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Popular bar in San Diego, CA. (Hadi Dadashian photo)

Popular streetfront bar and restaurant in San Diego, CA says it all. (Hadi Dadashian photo)

The most common excuse we hear at the start of a gratitude practice:  ‘I’m too busy.’

Anyone who says that could pause and be grateful, then, in that moment, for all that makes life so busy.

Is it the children? a large, extended family?  Lots to be grateful for.

Friends, neighbors — even the most demanding ones?  Pick one and think why you’re grateful s/he is part of your life.

A job?  Volunteer work?  Sports, fitness, other fun?  Plenty of gratitude material.

Just a split-second pause for gratitude is a baby step on the way to true mindfulness in all we do, no matter how frantic life seems.

Grabbing at gratitude

Another of the most common excuses:  ‘I just don’t feel it.’

In 16 or more waking hours, there is not one thing that grabs your gratitude?

Try this:  Analyze the first move you make in the day.  Are you grateful for fresh water to drink? a warm shower? good food? a safe home?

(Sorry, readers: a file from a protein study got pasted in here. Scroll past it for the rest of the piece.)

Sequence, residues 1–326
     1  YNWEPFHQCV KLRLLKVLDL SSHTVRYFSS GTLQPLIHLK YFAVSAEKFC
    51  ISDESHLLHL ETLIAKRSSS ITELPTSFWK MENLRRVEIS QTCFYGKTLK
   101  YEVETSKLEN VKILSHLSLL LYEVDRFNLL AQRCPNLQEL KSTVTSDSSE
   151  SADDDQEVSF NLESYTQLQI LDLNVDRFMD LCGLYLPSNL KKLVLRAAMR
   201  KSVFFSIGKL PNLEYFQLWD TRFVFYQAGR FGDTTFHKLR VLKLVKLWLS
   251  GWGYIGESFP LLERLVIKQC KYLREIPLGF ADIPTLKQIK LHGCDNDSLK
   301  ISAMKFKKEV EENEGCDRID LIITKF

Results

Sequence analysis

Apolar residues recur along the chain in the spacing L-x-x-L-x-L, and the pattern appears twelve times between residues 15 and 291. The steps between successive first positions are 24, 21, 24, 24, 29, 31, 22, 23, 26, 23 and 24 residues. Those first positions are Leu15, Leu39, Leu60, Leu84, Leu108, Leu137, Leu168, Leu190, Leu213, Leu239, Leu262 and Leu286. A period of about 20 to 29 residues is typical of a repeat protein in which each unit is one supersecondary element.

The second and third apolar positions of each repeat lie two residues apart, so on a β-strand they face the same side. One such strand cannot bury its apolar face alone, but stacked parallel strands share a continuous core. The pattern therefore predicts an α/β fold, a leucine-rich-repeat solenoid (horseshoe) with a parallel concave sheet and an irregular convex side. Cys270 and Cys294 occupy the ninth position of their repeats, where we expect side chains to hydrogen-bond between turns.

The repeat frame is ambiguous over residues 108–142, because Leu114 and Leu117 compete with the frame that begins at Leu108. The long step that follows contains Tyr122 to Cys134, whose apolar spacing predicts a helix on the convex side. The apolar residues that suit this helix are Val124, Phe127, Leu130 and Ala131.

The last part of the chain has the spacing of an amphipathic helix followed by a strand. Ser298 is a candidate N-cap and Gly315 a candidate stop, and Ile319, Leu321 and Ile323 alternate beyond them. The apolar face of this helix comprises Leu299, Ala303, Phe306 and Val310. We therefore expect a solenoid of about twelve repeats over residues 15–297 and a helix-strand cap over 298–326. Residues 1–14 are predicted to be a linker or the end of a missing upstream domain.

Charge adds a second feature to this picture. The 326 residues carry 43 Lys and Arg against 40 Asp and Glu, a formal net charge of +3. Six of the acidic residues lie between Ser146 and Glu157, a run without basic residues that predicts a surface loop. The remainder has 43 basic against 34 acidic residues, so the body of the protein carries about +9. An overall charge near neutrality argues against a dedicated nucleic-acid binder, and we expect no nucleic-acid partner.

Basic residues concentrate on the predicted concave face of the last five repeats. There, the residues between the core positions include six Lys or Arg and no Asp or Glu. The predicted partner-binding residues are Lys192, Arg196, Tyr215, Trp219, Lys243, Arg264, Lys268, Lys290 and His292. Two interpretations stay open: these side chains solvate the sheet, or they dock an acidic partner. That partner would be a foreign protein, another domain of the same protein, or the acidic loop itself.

Skip the mirror and the scales if you’re too self-critical and just live.  Breathe deeply and be grateful for this breath, then the next.  Give yourself permission to enjoy the way you look, the way you are, this moment, this day.

Is it quiet and you like that? Give thanks.

Is the family too noisy?  Give thanks for their commotion — and for the tranquility you might find later.

I was thinking of all this when making the bed this morning, recalling that I often grumble about how much I hate housework.  Yet even tossing the sheets is a pleasure, because I like our bed so much.  I’m recovering from insomnia, so I’m thankful we have a good mattress, and bright sheets from Ikea.

I’m grateful for the way it all fits together each morning, and for the rest it promises at day’s end.

 

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